If you have read any of the popular crime fiction stemming from Sweden, Denmark, Finland, Norway or Iceland, you’re in for a treat. Now considered the rage in the United States, these novels have made a lucrative place of their own; due to their character series and those made into film. From the huge hit “The Girl With the Dragon Tattoo”, which is part of the Millennium Trilogies to the Kurt Wallender series (character is both Swedish and British), fans can compare what they have read and align the characters made into film.
Economist.com authenticates “Nordic crime” by this description –
Three factors underpin the success of Nordic crime fiction: language, heroes and setting. Niclas Salomonsson, a literary agent who represents almost all the up and coming Scandinavian crime writers, reckons it is the style of the books, “realistic, simple and precise…and stripped of unnecessary words” that has a lot to do with it. The plain, direct writing, devoid of metaphor, suits the genre well.
In these novels the atmosphere is vital. Since this European area is cold and dark, it’s the perfect setting for crimes, ranging from serial killers, secret sociopaths, pedophiles, drug dealers and assassins; going incognito with the ability to hide and avoid the law, using the weather as an asset.
Some characters are caught in a quagmire and going illegal is the only way out. Some are in law enforcement, trying to solve puzzling murders with edged frustration. Some want to lead a normal life but some bizarre situation keeps pulling them back.
Swedish crime novels have touched American shores the most, but here are five crime/mystery writers, one from each Scandinavian country you may wish to read.
SWEDEN – Steig Larsson (15 August 1954 – 9 November 2004). The journalist and writer is responsible for the popular Millennium Trilogies, which consist of three novels - “The Girl With the Dragon Tattoo”, “The Girl Who Played With Fire” and “The Girl Who Kicked the Hornet’s Nest.” All three have been made into films
ABC News revealed in an August 2010 article titled “Stieg Larsson Silent as Real-Life Lisbeth Raped” this –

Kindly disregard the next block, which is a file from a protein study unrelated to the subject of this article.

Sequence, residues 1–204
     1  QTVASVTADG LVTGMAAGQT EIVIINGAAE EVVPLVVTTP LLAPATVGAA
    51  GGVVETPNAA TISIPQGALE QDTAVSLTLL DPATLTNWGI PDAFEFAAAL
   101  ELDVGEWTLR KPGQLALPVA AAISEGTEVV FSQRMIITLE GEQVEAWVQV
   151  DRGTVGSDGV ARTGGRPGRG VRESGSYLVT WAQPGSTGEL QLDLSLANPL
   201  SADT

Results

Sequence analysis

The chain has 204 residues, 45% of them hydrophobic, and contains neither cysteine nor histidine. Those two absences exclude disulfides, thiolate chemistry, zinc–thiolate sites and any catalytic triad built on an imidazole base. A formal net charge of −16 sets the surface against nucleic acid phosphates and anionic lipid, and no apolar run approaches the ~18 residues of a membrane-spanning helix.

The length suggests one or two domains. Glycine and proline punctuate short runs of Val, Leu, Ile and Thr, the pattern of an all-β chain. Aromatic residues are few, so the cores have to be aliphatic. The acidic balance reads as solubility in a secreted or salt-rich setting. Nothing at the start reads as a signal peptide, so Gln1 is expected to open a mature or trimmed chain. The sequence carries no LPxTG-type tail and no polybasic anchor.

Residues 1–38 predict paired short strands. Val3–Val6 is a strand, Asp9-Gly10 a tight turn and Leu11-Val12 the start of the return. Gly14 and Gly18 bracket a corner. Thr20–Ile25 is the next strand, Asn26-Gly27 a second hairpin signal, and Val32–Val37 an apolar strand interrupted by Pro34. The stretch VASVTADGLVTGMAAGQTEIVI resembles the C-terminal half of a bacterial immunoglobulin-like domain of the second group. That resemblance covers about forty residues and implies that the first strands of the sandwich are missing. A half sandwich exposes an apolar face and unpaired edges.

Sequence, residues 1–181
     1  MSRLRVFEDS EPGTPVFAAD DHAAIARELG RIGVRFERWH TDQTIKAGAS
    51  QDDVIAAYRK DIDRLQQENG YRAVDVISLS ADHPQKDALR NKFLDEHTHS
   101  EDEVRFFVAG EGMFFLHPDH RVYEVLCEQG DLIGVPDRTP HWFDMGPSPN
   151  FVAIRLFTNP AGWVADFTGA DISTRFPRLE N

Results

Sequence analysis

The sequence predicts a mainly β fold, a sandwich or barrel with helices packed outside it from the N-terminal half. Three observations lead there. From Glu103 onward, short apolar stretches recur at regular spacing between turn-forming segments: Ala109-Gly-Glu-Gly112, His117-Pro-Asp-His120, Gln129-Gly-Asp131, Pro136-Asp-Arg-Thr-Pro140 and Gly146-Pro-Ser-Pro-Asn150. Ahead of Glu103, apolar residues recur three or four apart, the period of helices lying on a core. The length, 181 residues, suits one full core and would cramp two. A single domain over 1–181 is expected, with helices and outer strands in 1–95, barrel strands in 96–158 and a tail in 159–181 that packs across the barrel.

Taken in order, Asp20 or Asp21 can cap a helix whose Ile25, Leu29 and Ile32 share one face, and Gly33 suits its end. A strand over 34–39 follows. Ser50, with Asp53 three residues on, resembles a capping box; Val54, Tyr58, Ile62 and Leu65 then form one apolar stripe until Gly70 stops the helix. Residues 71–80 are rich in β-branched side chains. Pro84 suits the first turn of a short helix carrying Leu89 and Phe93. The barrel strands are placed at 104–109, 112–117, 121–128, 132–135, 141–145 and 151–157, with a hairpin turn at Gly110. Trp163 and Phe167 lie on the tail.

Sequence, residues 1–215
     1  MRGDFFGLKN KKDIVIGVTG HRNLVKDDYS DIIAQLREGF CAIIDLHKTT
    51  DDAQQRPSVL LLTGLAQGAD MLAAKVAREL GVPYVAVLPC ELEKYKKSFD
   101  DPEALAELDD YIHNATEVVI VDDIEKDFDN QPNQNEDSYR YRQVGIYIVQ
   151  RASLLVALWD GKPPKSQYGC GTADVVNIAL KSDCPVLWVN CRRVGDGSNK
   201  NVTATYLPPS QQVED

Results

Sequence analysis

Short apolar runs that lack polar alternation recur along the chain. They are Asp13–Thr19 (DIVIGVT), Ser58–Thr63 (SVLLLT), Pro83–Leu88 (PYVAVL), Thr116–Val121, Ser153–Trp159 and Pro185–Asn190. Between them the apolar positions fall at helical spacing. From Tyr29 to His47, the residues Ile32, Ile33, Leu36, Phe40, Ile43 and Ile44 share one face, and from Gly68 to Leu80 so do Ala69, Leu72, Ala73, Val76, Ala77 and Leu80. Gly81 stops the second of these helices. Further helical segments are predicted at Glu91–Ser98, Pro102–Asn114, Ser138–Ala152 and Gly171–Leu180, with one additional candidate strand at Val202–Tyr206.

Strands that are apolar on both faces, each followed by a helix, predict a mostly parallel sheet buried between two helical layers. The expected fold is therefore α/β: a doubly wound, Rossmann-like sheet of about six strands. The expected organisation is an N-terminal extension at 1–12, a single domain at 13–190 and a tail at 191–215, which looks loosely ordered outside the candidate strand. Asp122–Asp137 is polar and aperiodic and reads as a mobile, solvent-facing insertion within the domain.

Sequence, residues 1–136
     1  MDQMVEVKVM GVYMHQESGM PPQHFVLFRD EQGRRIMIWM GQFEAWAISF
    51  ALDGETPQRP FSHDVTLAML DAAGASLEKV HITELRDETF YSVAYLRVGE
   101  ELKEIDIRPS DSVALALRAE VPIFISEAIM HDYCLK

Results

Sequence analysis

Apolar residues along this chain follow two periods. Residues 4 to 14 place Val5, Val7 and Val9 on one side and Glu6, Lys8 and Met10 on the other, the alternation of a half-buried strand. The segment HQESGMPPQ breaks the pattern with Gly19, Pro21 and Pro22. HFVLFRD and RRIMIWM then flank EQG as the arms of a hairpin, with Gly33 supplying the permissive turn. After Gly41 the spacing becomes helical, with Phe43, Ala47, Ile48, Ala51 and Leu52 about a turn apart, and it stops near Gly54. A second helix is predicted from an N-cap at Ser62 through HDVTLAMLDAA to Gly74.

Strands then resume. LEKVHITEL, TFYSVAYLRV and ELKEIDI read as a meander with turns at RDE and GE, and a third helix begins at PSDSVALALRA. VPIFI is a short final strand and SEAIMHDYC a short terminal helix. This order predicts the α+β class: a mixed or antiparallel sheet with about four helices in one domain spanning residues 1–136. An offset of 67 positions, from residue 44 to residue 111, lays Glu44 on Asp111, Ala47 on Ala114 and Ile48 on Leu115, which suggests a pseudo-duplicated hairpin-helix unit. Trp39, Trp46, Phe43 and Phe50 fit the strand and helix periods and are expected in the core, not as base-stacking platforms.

The wildly popular author of the "Millennium" trilogy, which also includes, "The Girl With the Dragon Tattoo" and "The Girl Who Kicked the Hornet's Nest," is graphic in his descriptions of violence against women, and now his closest friend reveals why.
Larsson had his own dark secret. At the age of 15 he witnessed a gang rape and never intervened, according to longtime friend Kurdo Baksi. Days later, ridden with guilt, Larsson asked the victim for her forgiveness, but she refused.
That girl was Lisbeth, the name later given to the tattooed, Asperger's-afflicted Lisbeth Salander -- heroine of Larsson's three novels.
The guilt over failing to act haunted Larsson his entire life and fueled the subject of his crime novels, according to Baksi, who wrote "Stieg Larsson: Our Days in Stockholm," a soon-to-be published memoir devoted to setting the record straight about Larsson's real-life commitment to social justice
Larsson was an editor-in-chief and co-founder of the anti-racist magazine Expo. Wikipedia excerpts this about Larsson’s publication –
(The) author of the Millennium series of novels, was Expo's co-founder and editor-in-chief from 1995 until his death in 2004. Larsson's pLarsson's political convictions, as well as his journalistic experiences, led him to found the Expo Foundation, similar to the British, with the aim of "studying and mapping anti-democratic, right-wing extremist and racist tendencies in society.
NORWAY – Karin Fossum. Fossum is referred to as the “Norwegian queen of crime.” She is known for the Inspector Sejer Series. PBS’ Masterpiece Mysteries has described Inspector Sejer as this –
Dubbed “the Morse of the fjords,” Fossum’s Inspector Sejer is a tough, no-nonsense policeman with a soft side. A widower who lives alone with his dog and still grieves for his late wife, the middle-aged detective is shrewd, patient and dedicated to his work. With quiet formality, deadpan delivery and painstaking police work, ha uncovers the mistrust, alienation and lies that darken village life in the “Land of the Midnight Sun.”
Fossum’s latest book “The Caller,” released last month, has received rave reviews. Here’s a snippet from amazon.com –
One mild summer evening, a young couple are enjoying dinner while their daughter sleeps peacefully in her stroller under a tree. When her mother steps outside she is stunned: the child is covered in blood.
Inspector Sejer is called to the hospital to meet the family. Mercifully, the child is unharmed, but the parents are deeply shaken, and Sejer spends the evening trying to understand why anyone would carry out such a sinister prank. Then, just before midnight, somebody rings his doorbell.
No one is at the door, but the caller has left a small gray envelope on Sejer’s mat. From his living room window, the inspector watches a figure disappear into the darkness. Inside the envelope Sejer finds a postcard bearing a short message: Hell begins now.
ICELAND – Arnaldur Indridason. The crime/mystery writer is from Reykjavik, Iceland and is known for the Detective Erlendur Series. Masterpiece Mysteries portrays him as follows –